I was talking to a friend of mine tonight and J. D. Salinger was brought up and the different rumors about just how many manuscripts are stored away in a safe, and it made me think about all these people who are somewhat happy now that the man is dead, because there's a chance that those unpublished novels will finally see the light of day. And my simple question is: why should they, those unpublished novels, be forced into the light of day to begin with?
It happens all the time, though. An author dies and leaves behind completed manuscripts, partial manuscripts, whatever, and nine times out of the those manuscripts (if written by a well enough known author) are published. Most recently it happened to Michael Crichton. A few months back HarperCollins published his novel Pirate Latitudes, which was a novel found on his computer after his death. I don't know much about the book, haven't really seen any reviews, and as I haven't read any Crichton in years, I doubt I'll be reading it any time soon.
But still ... it just seems wrong in a way, to have an author's work published after they are dead. Or maybe not. I don't know. Guess I'm just thinking about me in that (dead) position. Right now I have a few first drafts of novels on my computer, as well as a number of short stories, all ranging from those that I'm happy with (i.e., I have been submitting places), those I'm not completely happy with (i.e., I am still revising), and those that I wrote but don't think they have any real value and have no intention of ever submitting them anywhere (i.e., they suck).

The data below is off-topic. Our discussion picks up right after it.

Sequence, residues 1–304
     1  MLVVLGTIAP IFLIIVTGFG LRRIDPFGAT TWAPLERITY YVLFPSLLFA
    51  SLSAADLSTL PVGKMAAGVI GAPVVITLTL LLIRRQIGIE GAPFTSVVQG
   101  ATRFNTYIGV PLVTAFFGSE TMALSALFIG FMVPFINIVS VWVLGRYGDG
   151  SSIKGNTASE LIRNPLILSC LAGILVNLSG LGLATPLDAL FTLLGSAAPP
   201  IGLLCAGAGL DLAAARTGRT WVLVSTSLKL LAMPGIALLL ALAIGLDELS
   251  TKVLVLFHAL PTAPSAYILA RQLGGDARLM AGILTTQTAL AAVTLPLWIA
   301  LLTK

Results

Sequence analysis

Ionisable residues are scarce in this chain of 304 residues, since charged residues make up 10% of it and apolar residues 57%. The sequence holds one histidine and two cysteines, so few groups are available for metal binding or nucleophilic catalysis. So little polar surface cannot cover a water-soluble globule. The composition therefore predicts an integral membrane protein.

If I were to die tomorrow, would I really want those unpublished works published? (For argument's sake, let's assume journals and publishers would actually want to publish that work in the first place.) Some would argue that the readers deserve to read those works. Like those people happy now that Salinger is dead because there's the possibility his unpublished novels will be published. They somehow feel invested in the author and his work and are under the disillusioned idea that they are owed something by that author.
Personally, I don't think the readers are owed anything, but that's just me. That, actually, gets into the topic of who really owns the story or book or whatever -- the author, the publisher, the reader?
What do you think?
Last week I had my great Twitter Giveaway Contest thingy. It went okay, I guess. Did not get close at all to 30 retweets, but that's all right. In fact, I only got about 10. Why? Who knows. A lot of different variables are involved. Maybe nobody cared to win the prize. Maybe when I first posted the contest tweet, nobody was watching Twitter at that moment (you have to figure not everybody checks Twitter every day, and when they do there is just so much in their Twitter stream that they can't sort through it all). Or maybe, maybe, maybe. Regardless, it was an interesting experiment and I'm sure I'll try it again. Somewhere down the line. Oh, and the winner was @jointhebirdies. Congrats, Jeremy.